If you feel a need to condemn or forgive my boyish enthusiasm, by all means please go ahead and do so. But I can pretend no longer—I’m very excited to see this big gorilla movie that’s coming to town. And although I can’t take my daughters—too scary, you see—thanks to all the brouhaha over the new version, I have got them interested in seeing the 1933 original. They even watched with interest Kevin Brownlow’s documentary about Merian C. Cooper on TCM with me a few nights ago. Who knows? Maybe seeing Cooper and Ernest B. Schoedsack’s King Kong will change one of my daughters’ lives too.
And now comes Newsweek’s Devin Gordon, who has seen Peter Jackson’s new movie:
“Jackson's epic, $207 million remake of King Kong is a surprisingly tender, even heartbreaking, film… The original… was 100 minutes long, Jackson's version is a Kong-size three hours. ‘A few people have already asked me why we're taking twice as long to tell essentially the same story,’ says the director. ‘And I don't really know. We've been asking that ourselves. I'm going to have to come up with a better answer.’ The best answer—the only answer, really—is the movie itself… Jackson has honored his favorite film in the best possible way: by recapturing its heart-pounding, escapist glee.”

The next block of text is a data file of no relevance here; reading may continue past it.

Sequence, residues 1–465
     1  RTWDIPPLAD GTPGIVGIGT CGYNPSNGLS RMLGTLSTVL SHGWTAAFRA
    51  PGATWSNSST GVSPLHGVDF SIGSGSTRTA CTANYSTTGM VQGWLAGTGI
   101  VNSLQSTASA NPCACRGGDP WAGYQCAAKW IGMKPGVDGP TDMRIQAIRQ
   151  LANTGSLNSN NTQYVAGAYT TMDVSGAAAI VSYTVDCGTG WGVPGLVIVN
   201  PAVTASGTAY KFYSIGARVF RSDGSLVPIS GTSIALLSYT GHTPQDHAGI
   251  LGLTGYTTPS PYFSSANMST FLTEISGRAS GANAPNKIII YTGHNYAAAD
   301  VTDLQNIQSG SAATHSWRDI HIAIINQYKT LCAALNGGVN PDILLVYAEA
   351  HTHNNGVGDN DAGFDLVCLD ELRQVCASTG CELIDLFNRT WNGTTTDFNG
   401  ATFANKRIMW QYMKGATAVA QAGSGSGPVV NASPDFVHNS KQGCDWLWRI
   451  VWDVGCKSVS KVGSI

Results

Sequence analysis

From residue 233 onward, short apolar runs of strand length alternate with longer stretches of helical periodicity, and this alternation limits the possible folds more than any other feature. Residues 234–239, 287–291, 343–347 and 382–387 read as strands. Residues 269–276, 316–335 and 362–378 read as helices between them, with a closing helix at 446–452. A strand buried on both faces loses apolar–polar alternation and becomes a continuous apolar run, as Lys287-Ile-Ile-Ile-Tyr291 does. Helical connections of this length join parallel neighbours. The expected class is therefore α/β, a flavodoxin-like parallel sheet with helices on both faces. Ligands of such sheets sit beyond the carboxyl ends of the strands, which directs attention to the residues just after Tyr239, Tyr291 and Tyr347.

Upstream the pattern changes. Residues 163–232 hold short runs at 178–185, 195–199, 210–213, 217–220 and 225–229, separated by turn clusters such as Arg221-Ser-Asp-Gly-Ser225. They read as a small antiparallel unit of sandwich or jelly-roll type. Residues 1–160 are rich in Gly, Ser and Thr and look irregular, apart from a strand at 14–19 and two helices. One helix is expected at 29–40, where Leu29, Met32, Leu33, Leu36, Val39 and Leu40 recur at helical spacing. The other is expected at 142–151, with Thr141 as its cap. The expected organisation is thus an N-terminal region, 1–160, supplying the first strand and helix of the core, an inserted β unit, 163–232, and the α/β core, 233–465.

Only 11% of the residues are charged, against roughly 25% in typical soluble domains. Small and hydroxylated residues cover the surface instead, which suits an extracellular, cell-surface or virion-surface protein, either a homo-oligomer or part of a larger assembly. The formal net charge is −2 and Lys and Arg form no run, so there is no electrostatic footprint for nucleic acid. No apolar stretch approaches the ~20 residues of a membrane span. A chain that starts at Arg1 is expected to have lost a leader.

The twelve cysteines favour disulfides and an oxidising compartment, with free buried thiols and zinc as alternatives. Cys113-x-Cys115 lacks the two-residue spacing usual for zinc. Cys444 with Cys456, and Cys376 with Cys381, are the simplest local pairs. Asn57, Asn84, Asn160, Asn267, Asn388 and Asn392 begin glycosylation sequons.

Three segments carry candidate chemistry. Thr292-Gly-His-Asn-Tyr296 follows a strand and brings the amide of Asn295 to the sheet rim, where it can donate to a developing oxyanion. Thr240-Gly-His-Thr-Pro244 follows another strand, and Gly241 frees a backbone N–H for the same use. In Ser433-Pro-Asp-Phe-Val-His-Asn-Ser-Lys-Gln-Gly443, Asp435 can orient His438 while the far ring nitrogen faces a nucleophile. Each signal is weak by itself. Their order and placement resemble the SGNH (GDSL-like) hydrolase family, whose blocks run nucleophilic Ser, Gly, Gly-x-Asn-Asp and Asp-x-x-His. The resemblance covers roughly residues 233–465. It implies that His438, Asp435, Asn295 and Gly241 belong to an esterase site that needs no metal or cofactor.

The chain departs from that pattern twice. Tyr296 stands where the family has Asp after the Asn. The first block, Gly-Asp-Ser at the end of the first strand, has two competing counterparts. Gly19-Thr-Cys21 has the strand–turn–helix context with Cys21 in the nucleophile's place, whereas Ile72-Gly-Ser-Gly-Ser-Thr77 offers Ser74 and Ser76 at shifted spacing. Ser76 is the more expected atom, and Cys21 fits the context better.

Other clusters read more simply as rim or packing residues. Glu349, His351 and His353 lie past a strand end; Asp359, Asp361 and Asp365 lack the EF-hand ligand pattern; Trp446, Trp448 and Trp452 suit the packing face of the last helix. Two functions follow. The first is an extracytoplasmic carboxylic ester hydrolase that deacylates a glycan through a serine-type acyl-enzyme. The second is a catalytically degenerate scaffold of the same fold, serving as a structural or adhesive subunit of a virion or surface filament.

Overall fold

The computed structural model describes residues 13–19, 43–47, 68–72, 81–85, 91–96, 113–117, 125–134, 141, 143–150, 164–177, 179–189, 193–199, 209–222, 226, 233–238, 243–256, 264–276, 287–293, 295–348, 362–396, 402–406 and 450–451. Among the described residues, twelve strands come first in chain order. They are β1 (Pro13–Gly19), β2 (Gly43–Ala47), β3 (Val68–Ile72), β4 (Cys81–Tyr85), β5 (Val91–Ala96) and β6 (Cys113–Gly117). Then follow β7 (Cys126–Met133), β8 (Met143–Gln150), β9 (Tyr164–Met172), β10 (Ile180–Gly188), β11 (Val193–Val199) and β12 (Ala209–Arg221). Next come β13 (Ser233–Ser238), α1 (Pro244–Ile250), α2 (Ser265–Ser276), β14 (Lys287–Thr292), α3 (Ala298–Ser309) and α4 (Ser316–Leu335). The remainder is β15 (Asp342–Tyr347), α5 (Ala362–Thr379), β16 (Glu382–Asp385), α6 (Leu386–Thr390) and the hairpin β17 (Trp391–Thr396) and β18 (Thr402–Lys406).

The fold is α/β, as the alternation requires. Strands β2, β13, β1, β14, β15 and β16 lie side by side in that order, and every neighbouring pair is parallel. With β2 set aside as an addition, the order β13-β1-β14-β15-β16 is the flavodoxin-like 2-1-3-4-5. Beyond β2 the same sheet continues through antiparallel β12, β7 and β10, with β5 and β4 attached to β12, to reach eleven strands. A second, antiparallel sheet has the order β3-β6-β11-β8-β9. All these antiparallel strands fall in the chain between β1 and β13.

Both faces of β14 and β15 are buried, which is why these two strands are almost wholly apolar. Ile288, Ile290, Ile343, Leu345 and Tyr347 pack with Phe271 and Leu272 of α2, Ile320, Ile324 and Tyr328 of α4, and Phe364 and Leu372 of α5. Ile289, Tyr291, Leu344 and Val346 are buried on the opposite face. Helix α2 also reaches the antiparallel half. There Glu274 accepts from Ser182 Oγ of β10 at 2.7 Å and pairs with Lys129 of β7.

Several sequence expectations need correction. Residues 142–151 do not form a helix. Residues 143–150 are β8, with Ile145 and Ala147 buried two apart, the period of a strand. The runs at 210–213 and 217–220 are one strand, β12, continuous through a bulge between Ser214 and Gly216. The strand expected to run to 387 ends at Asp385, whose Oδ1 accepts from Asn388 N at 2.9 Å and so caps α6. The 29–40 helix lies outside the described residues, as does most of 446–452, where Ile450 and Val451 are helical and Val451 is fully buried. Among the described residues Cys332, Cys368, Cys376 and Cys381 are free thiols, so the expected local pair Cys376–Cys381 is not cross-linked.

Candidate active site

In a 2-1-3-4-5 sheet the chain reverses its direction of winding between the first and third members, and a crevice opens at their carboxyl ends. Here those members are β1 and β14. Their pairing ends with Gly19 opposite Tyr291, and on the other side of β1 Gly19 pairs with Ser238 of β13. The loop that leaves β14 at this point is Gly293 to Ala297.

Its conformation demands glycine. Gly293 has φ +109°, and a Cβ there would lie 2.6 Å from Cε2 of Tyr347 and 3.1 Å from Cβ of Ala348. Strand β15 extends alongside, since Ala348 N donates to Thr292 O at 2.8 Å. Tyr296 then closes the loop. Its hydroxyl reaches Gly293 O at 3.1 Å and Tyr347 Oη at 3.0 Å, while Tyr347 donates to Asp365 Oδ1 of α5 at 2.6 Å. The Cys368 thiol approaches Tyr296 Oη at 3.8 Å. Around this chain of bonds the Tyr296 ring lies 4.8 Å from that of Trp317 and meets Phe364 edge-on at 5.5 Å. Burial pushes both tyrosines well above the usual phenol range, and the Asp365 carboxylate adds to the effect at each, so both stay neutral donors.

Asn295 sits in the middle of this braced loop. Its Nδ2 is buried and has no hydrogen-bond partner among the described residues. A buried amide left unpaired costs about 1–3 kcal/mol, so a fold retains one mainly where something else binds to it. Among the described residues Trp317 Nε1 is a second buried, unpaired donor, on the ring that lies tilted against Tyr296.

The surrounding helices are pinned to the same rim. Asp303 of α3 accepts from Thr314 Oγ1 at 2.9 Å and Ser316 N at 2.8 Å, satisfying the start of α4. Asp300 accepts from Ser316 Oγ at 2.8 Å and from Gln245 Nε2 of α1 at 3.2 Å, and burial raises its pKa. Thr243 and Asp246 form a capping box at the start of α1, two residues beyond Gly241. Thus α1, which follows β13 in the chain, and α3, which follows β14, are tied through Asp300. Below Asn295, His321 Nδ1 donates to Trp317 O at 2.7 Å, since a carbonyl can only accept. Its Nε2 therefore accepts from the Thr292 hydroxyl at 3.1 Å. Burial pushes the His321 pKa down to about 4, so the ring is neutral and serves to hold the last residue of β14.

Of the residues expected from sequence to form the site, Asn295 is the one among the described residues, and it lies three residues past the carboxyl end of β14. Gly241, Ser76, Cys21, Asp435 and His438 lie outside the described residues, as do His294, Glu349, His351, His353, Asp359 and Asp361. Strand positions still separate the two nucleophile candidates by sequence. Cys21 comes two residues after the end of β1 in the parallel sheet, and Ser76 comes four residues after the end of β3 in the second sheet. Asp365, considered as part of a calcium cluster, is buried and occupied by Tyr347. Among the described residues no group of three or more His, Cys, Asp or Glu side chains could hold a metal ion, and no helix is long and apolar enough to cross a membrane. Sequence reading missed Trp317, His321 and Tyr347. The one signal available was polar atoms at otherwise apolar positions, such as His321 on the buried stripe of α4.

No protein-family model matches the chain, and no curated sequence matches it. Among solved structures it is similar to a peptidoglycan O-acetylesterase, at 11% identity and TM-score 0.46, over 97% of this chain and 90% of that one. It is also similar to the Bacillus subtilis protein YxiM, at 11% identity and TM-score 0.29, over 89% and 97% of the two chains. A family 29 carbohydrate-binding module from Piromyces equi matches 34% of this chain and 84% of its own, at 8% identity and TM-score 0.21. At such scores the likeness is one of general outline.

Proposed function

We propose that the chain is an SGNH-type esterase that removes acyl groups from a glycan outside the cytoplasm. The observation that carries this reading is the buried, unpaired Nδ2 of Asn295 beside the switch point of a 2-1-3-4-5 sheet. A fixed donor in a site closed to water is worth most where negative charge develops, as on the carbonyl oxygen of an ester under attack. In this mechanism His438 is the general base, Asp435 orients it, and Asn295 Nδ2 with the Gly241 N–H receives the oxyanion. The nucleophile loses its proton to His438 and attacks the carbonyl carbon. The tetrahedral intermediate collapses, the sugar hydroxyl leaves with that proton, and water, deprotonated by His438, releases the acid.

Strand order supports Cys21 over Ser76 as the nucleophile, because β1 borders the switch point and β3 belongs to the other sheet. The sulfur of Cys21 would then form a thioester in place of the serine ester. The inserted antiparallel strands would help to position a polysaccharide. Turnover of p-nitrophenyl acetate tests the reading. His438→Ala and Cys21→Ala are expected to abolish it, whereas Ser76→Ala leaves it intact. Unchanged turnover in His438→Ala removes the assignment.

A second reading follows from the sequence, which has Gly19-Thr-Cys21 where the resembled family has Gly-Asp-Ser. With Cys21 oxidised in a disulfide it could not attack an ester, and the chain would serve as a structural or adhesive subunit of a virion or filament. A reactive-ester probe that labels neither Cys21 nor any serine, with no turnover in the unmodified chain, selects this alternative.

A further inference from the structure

And how about this, from coscreenwriter Philippa Boyens:
"I know I shouldn't say this," she begins, "but when other directors see this movie, they're going to fucking give up."
(Thanks to David Hudson at GreenCine Daily for the heads-up. GreenCine Daily is an absolutely essential daily read for me, and if you have any interest in keeping up with the latest worthwhile writing on film available on the Web, it should be a daily stop for you too.)